Plenty of adjustments ahead for Game 2

CHICAGO -- OK, they got their day of rest and then got back on the ice. The Chicago Blackhawks and Boston Bruins say the effects of their triple-overtime thriller in Game 1 of the Stanley Cup finals is in the past.

Yes, some legs felt like "jelly" -- as Dave Bolland put it -- during Friday's practices but by Saturday night the scene should be set for another great ride.

"It was a great start," Duncan Keith said. "I think we're looking for the same kind of start in the second game. We want to put the pressure on them, hit them hard."

Who remembers the start to Game 1?

But Keith is right, the Hawks came out with a good pace to their game which provided a chance at a few hits. It got everyone involved and at least set the tone for a decent first period. But the Bruins were the ones to take the lead after one although we know they gave it back rather quickly in the third period. Back and forth things went until Bolland and Andrew Shaw's heroics.

So what adjustments will be made for Saturday?

Joel Quenneville needs to find a way to slow down David Krejci's line. Maybe Nathan Horton's injury will help but between that duo and Milan Lucic, they owned the regulation portion of the game. Horton will be a game-time decision after practicing on Friday.

"He's day-to-day," Bruins coach Claude Julien said after practice. "That's what he was (Thursday). That's why he practiced today. We'll have to make a decision on him (Saturday). It was encouraging to see him out there today. If he feels good (Saturday), he's in the lineup, simple as that."

The chemistry on that line was evident from the first face-off.

"They were a dangerous line," Quenneville said. "Seemed like they were pretty consistent throughout the night.

While there were different forward lines on the ice for the Hawks on each of the Bruins' first two goals by Krejci's line, the same two defensemen, Niklas Hjalmarsson and Johnny Oduya, were involved in the action. Neither could help stop Boston from scoring. Quenneville was asked on Friday which is more important to be on the ice for the matchup, the right forwards or right defenseman.

"Or both?" Quenneville answered with a smile. "Either way, we'll see. I think that's something that we look at and visit. I think over the course of the season, the back end was something we look at. But I think the one thing this year that we're pleased about all year long is all four lines, we can be comfortable against anybody. Sometimes you prioritize a little bit more."

So it wouldn't be a surprise to see Duncan Keith and Brent Seabrook more when Krejci is on the ice. Even if he's mixing and matching his forwards, Quenneville needs to have his best defensemen taking on the Bruins' best. Until another line can create some scoring chances for Boston, the Hawks focus should be on Krejci and Co.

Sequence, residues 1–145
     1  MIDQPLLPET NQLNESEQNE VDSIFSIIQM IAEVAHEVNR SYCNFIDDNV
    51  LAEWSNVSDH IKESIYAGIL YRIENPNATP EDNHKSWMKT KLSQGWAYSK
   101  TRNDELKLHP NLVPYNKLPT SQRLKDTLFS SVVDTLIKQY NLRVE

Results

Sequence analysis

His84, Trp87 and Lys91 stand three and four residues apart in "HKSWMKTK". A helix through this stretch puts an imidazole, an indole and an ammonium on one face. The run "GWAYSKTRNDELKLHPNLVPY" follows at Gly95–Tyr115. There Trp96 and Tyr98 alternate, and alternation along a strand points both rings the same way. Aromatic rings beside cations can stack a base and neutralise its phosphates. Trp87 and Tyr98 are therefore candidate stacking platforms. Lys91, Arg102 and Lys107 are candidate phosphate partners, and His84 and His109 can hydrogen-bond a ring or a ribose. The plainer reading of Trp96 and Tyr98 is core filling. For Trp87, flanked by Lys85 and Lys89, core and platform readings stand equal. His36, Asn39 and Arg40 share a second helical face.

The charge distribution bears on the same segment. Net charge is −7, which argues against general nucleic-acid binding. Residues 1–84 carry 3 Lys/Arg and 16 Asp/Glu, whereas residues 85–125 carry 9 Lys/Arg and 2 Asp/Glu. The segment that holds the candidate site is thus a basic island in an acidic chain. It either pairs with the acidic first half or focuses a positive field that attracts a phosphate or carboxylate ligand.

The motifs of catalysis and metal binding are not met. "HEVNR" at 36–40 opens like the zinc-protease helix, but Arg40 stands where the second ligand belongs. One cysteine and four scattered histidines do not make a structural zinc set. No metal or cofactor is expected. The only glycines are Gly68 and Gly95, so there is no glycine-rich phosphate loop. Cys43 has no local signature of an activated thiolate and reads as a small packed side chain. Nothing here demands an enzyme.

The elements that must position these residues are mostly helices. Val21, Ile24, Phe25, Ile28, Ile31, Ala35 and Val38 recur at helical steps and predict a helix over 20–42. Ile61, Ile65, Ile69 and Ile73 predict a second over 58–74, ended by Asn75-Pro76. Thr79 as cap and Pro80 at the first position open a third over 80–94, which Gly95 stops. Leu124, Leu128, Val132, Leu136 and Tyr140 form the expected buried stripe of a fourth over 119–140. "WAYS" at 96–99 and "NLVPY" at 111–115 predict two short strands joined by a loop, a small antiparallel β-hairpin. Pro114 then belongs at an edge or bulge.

Speaking of scoring chances, the heroes of Game 1, Bolland and Shaw, shouldn't be slowing down in Game 2, unless Julien changes the matchup. But forcing Boston to stick, say, Patrice Bergeron on Bolland's third line would be a huge victory for the Hawks. It would free up the top lines to do some damage.

That's not going to happen which means Bolland and Andrew Shaw, along with Bryan Bickell, will get their chances again against the overmatched Richard Peverly line. As Game 1 wore on, it became evident the Hawks' depth would play a factor and it's probably the reason Quenneville started moving his left wings around. Patrick Sharp switched with Brandon Saad to provide the third line with a finisher as Bolland and Shaw were creating good chances. Eventually Sharp ended back on the second line with Patrick Kane and Michal Handzus, and that's the way Game 2 will start. Saad fit in well with Toews and Marian Hossa as he has most of the season.

The one area that amazingly didn't lose the game for the Hawks was special teams. Unable to score on a 5-on-3 and then giving up a power play goal should have spelled doom for the home team. But it didn't. They got a reprieve from the hockey gods; it might not happen again.

Quenneville was succinct but meaningful in his assessment of the power play.

"Yeah, we addressed it," he said. "We looked at it. We addressed it right after that. You never know if you get another (5-on-3). But certainly we'll see. We weren't pleased with what went on."

His point men were too far out -- to the blue-line -- instead of closer in toward the net, and his forwards were stuck in cement. The next power play should consist of Kane going from one side of the offensive zone to the other, with the puck, and everyone moving with him. That's when the passing and shooting lanes will open, especially with defenders' eyes watching Kane.

Right now, the Hawks have the advantage simply because they won Game 1. Nothing that we know in the mental makeup of the Bruins says losing in the fashion they did will haunt them. But they are behind the eight-ball. The Hawks proved their bottom 6 was better than -- or at least as good as -- Boston's.

The Bruins proved their top 3 comes as good as advertised. The difference on defense was negligible. Hjalmarsson and Oduya got beat. But Zdeno Chara ended up in the penalty box and one shot on goal. Just one, over the course of almost six periods, for the player with the hardest shot in the league.

Game 1 was a classic. What will Game 2 bring? It's anyone's guess.